1. Create a second access keys pair
  2. Download those keys
  3. Substitute them from your ~/.aws/credentials file
  4. Deactivate the previous access keys
  5. Test that everything is working
  6. Delete the old keys

But we can automate this process using the AWS SDK or API.
This is why I have built a small go utility that *helps you rotate local credentials called *LocalKeyRotation, not much fantasy in naming, but it does the job.
You can simply run the command or create an anacron job to run it periodically.

Feel free to suggest any feature or open a new issue if you find any.

Alternatively, if you are using aws-vault, you can use their rotate feature

Limit IAM permission

*Note: do not create access keys for your root account, instead create a IAM user with limited permission and then create the access keys for that user. *

This is a more of an advanced topic, but nonetheless useful.
After you have created your first IAM user, instead of giving him AdministratorAccess, you can make a custom policy using IAM conditions; you can read more about IAM condition here.

One thing I would do is to limit the regions in which you can provision resources:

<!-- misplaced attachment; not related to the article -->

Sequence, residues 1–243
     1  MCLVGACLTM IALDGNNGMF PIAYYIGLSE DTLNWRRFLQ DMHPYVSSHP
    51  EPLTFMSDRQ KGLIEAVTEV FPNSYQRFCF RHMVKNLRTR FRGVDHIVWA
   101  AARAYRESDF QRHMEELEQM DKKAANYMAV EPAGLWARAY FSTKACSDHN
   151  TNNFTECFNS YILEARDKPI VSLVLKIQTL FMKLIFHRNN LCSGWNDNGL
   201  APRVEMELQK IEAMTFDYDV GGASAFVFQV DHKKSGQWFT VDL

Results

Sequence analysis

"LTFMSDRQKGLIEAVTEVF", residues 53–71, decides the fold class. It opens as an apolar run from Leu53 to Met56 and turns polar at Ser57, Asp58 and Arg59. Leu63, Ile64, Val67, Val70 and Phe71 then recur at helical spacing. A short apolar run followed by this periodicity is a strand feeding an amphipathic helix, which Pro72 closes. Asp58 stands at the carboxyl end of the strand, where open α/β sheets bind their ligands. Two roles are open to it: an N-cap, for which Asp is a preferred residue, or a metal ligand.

"Condition": {
                "StringEquals": {
                    "aws:RequestedRegion": "us-east-1"
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Since a lot of services have regional quotas, for example the base limit of EC2 instances per region is 20, this could somehow tamper the effect of compromised credentials.
You can also limit the type of instances size you can deploy:

"Condition": {
                "ForAnyValue:StringNotLike": {
                    "ec2:InstanceType": [
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You can also limit the resources you can work with:

            "Effect": "Allow",
            "Action": [
            "Resource": "*"
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In this way you will make sure nothing else can be deployed other than those services listed in the actions.

So your custom policy could be something like this:

  "Version": "2012-10-17",
  "Statement": [
      "Effect": "Allow",
      "Action": "*",
      "Resource": "*",
      "Condition": {
        "StringEquals": {
          "aws:RequestedRegion": "us-east-1"
        "ForAnyValue:StringNotLike": {
          "ec2:InstanceType": [
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I really hope this post can help someone getting started on AWS without getting unwanted nasty surprises, always be vigilant, AWS is not a toy and money is money.

Top comments (1)

allanshady profile image
Allan Camilo

great article, thanks